Thursday, May 24, 2007

murder most fowl

ever just kill something because you could?

Ever feel remorse because of it?

If taking a life is murder then I am responsible for much death. But by life, I’m not talking people (they kill themselves off - smoking, drinking, speeding, drugs, hate, obesity - quite readily by themselves),

no, I’m talking about the so called “lower” life forms. Mosquitoes, spiders, ruffled grouse and a toad . . .

Yup, guilty on all counts, but unlike Charles Manson (up for parole again - yeah, right), I do genuinely feel sorry for those creatures I have offed.

Well, maybe not so much the mosquitoes - that’s more of a survival of the quickest thing.

. . . I recall (I see you rolling your eyes and thinking - oh, no he’s going off on some when-I-was-a-kid-thing again . . . well I am, so suck it.)

When I was a kid going partridge hunting with my dad was a way of rural wilderness life. We would head out to some deserted country road with our .22 rifles and forage for the elusive, but quite stupid, ruffled grouse.

It was always best to go out while the sun was just coming up and catch the birds pecking for stones on the side of the road. The thrill of coming around a bend and seeing one on the road was, for me, quite exhilarating.

My dad would stop the car and we would, as quietly as we could, get out and ready our weapons (to a partridge a .22 rifle is a weapon of mass destruction - just clarifying). Now, for those who have never hunted ruffled grouse, I have to tell you their heads are about the size of a pea - which means the brain housed inside is even smaller. And trying to hit that head with a .22 rifle at one hundred yards is almost impossible.

But, after several shots (the bird would most likely just look up then resume pecking again), either I, or my dad, would bag the sucker . . .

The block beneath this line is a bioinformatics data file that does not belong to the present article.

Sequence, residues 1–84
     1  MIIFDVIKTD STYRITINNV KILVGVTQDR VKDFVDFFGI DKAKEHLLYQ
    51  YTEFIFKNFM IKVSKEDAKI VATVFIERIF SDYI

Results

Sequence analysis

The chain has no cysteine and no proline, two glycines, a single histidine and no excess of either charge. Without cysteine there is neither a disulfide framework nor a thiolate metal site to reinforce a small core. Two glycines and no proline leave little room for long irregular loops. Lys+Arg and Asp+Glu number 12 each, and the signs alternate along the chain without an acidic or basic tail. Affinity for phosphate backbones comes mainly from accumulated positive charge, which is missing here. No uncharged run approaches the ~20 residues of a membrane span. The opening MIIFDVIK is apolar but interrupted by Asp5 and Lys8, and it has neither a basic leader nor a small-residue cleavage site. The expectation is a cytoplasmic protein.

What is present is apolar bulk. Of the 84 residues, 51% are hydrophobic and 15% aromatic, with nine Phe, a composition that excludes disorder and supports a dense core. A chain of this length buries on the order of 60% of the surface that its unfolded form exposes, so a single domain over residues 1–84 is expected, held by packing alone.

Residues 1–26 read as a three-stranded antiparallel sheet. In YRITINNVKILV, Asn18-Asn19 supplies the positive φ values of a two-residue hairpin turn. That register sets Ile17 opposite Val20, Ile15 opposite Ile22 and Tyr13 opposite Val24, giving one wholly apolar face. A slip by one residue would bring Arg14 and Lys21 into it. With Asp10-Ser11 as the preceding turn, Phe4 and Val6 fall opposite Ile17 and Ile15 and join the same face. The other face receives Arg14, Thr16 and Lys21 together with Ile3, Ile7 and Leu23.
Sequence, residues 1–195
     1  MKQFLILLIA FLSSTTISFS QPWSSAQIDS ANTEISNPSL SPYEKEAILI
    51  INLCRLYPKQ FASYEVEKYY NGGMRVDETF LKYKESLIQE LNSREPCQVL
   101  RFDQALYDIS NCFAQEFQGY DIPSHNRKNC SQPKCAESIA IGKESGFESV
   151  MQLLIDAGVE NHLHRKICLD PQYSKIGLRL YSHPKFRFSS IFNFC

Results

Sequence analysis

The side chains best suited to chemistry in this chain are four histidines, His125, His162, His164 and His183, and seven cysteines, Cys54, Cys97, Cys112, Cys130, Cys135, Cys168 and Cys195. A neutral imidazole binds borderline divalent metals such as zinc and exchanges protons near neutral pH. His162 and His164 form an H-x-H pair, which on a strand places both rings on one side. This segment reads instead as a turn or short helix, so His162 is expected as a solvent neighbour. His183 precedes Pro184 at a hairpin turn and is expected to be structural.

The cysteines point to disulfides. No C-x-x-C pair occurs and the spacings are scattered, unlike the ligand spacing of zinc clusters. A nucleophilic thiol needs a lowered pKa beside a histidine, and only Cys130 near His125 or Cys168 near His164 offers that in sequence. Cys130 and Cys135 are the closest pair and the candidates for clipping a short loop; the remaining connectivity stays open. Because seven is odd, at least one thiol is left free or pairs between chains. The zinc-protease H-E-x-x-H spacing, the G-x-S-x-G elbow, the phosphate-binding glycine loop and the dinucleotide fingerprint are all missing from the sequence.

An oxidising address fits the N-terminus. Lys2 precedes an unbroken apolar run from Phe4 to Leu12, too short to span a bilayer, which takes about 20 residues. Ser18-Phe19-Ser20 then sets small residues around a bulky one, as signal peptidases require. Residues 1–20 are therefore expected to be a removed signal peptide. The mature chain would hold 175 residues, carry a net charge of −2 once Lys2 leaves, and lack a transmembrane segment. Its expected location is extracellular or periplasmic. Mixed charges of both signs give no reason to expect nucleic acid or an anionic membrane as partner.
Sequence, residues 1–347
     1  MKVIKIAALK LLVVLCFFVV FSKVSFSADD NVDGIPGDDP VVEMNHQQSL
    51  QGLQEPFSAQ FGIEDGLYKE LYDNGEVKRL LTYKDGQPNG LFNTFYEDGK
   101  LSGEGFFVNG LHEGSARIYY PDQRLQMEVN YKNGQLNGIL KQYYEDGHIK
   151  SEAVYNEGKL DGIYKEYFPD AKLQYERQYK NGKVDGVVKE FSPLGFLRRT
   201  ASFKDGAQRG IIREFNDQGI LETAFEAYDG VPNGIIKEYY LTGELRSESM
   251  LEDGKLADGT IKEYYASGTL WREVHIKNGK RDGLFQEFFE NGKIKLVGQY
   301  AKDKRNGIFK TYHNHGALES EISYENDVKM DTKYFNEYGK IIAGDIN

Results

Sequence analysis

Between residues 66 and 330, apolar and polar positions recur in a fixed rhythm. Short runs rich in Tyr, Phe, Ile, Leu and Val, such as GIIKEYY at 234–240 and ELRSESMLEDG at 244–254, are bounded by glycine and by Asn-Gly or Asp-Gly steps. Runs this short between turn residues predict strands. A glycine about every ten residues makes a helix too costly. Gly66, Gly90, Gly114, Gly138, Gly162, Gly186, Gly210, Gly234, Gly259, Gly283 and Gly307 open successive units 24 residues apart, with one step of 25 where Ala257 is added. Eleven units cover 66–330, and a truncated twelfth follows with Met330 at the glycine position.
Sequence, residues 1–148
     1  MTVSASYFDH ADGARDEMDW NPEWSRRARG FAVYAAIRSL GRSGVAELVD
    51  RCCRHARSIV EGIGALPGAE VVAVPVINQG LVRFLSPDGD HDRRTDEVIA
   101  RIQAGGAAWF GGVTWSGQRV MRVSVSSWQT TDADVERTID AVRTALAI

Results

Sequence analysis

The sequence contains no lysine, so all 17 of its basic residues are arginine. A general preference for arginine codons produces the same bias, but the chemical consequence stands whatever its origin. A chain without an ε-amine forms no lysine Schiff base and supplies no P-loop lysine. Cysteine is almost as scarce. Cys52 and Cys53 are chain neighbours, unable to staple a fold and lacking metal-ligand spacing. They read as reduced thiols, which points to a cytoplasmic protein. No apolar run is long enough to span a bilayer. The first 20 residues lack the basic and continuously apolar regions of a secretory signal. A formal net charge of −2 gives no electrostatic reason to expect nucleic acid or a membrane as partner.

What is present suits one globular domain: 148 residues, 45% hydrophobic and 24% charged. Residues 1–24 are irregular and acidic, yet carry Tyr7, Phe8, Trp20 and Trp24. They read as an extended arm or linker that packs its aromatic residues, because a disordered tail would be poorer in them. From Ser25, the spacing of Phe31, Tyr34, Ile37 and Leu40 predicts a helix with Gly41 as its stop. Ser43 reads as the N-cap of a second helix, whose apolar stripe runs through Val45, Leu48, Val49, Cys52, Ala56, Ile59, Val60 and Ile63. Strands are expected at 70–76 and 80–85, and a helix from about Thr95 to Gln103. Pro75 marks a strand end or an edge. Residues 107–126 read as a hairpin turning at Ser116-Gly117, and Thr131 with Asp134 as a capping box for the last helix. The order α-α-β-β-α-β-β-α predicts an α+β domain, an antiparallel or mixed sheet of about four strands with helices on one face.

. . . supposed to be lovely father-son bonding memories, right? Well, I recall, after the kills, feeling kind of sorry for the birds. And I even remember petting one (quite dead I assure you) in the back of the car and telling it everything would be alright (yeah, I was like six). What did I know?

We did eat them, so it was not just killing for sport. And I don’t hunt anymore, nor will I. The desire has left me.

Why did the desire leave me . . .

. . . enter the toad.

One last instance, which is forever burned in my mind, was the demise of a friendly toad by my hand - and my Lakefield 12 gauge shotgun. It may be fun to blast imps in Doom with one, but taking down a defenseless toad is, well, kinda stupid and pointless.

I was walking (not six anymore, but like sixteen - I know, no marked intelligence improvement there it seems) down a country road hunting for partridge when I spied, in a small pool off the side of the road - a toad. Hey, I thought to myself, I wonder what will happen if I creep up to this guy and take a shot at him?

Gee, Mr. high-school doofus, what the hell do you think will happen?

As you may well have guessed, the toad, sitting on a stick, paid me little to no attention. I mean why should he, master of his environment, king of this little pool, flies buzzing about him - dinner on the wing - pay me any heed?

Cause I was armed, dangerous and dumb - that's why.

I sighted down my (must have been ten pounds) shotgun and closed the bolt action securing the toad’s fate in the chamber. With some sort of demonic glee (what other kind of glee can there be at a moment like this?) I pulled the trigger. If you have ever watched any World War 2 footage of sea battles you know what water explosions look like.

Well, one second Mr. Toad was grinning the good life, the next he was no more - literally. After the water, mud and stick fragments came back to earth, the toad was absolutely gone.

What did I feel? - kinda sick actually.

It was one of those quintessential moments in my life. I realized right then that what I had done was terribly wrong, that taking that life was sick and that I, by doing so, must be sick as well. I put a stop to that kind of behaviour. I stopped hunting - I put the shoe on the other flipper so to speak. How would I feel if somebody took a shot at me just because they could?

Now I don’t want to sound hypocritical (I eat meat and I know these defenseless animals are slaughtered for food) but the act of killing in cold blood I find distasteful and disturbing.

Here's hoping Manson stays where he is.

His kind, in my opinion, serve no real purpose in this world.

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